Advertisement

Breaking down the barriers of accessing dental care in rural North Carolina

Some dentists are pulling thousands of teeth a year because people aren’t able to visit the dentist regularly.
AppHealthCare actually has a completely portable dentist’s office in Ashe County.
AppHealthCare actually has a completely portable dentist’s office in Ashe County.(WBTV)
Published: Oct. 28, 2021 at 4:05 PM CDT
Email This Link
Share on Pinterest
Share on LinkedIn

CHARLOTTE, N.C. (WBTV) - Have you been flossing regularly? Probably a question you’ve gotten before at the dentist.

If that’s your worst problem, you’re doing pretty well.

Some dentists are pulling thousands of teeth a year because people aren’t able to visit the dentist regularly.

An investigation has found the lack of access to dental care plagues many parts of rural America. One reason why is the American Dental Association estimates 67 percent of all dentists in the U.S. don’t accept patients on Medicaid, insurance for the poor.

To make up for the lack of dentists, researchers say education must start with children. Even a program as simple as setting aside school time to brush teeth will help.

One solution is actually bringing the dentist to school.

AppHealthCare actually has a completely portable dentist’s office in Ashe County.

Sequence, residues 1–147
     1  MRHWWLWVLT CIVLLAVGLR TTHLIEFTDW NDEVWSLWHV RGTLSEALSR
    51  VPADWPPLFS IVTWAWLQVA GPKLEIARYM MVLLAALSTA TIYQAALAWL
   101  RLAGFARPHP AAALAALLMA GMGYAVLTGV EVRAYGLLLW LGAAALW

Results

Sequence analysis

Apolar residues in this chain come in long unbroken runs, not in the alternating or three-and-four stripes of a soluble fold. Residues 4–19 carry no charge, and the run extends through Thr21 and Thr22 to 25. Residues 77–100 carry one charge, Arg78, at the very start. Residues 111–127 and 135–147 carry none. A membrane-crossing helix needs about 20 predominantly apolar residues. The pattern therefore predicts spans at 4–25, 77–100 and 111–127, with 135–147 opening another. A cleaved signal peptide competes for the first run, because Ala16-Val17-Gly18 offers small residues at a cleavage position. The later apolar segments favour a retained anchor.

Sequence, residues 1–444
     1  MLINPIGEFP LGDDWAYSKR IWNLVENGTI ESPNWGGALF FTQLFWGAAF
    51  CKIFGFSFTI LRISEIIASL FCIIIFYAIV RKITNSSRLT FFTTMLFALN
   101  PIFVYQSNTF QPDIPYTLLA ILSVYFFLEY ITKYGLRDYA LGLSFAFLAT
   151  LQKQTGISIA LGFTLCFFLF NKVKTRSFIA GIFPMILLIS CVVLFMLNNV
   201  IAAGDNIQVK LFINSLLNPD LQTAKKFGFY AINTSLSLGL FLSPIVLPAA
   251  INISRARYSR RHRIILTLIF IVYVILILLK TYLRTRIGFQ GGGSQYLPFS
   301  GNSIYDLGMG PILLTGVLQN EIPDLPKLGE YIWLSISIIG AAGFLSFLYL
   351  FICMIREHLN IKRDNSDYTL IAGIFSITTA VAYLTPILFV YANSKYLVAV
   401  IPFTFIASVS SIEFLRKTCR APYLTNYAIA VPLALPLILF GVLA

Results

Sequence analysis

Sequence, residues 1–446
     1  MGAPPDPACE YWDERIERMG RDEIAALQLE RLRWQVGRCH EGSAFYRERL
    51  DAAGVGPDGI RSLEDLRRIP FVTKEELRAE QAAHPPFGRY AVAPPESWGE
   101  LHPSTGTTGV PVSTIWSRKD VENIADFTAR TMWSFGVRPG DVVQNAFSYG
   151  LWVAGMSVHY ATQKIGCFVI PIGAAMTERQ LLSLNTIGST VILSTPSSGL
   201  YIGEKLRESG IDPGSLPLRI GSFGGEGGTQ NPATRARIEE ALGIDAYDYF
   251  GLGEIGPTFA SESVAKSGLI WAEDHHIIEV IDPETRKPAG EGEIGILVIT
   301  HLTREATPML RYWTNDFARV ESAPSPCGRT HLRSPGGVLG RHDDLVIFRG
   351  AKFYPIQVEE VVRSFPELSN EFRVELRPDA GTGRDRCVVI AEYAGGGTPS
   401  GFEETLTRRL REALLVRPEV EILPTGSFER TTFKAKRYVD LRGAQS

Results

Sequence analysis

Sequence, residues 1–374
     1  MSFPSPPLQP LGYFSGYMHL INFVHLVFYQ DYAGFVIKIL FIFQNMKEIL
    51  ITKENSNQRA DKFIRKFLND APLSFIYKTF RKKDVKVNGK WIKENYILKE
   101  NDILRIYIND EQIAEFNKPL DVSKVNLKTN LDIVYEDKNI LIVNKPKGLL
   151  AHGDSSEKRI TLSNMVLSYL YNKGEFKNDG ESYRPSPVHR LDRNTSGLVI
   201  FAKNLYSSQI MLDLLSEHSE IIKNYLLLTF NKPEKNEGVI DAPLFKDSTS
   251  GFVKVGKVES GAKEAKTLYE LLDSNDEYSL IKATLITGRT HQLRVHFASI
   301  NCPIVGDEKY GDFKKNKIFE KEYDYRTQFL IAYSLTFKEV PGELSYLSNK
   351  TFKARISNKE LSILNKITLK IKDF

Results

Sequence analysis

They’re going to schools, farms, you name it - to make dental care more accessible.

On Your Side Tonight’s Greg Simpson used his camera to show us how it works.

We spoke to Dr. Amanda Stroud, DMD, the Dental Director of AppHealthCare.

“Being able to travel here for dental care isn’t an obstacle for some people. Being able to get in, get here on time for their appointments, make sure they get the care that they need is really something that’s difficult to overcome in some families around here. Here at AppHealthCare, I serve as the dental director and the chief dental officer, we serve not only people from Ashe County, but also from Watauga. County and Allegheny County. Those are our sister counties. We have completely portable equipment, we take it out, we set it up inside of the schools. And then we also use that same equipment to utilize on our migrant farms for a migrant farm outreach program or a foreign worker health program as it’s referred to,” Dr. Stroud said.

Tomasa Sanchez, an AppHealthCare client also spoke.

“I come in here, they treat me like part of the family. If you don’t have money, they give you the chance to make your payment or new treatment. This is important for us because the first time it’s closed, we don’t have to drive like 30 minutes, 40 minutes to go to the dentist,” Sanchez said.

We’re highlighting shortcomings and solutions like these as part of our Bridging the Great Health Divide initiative. It’s an effort by all of our sister stations.

Copyright 2021 WBTV. All rights reserved.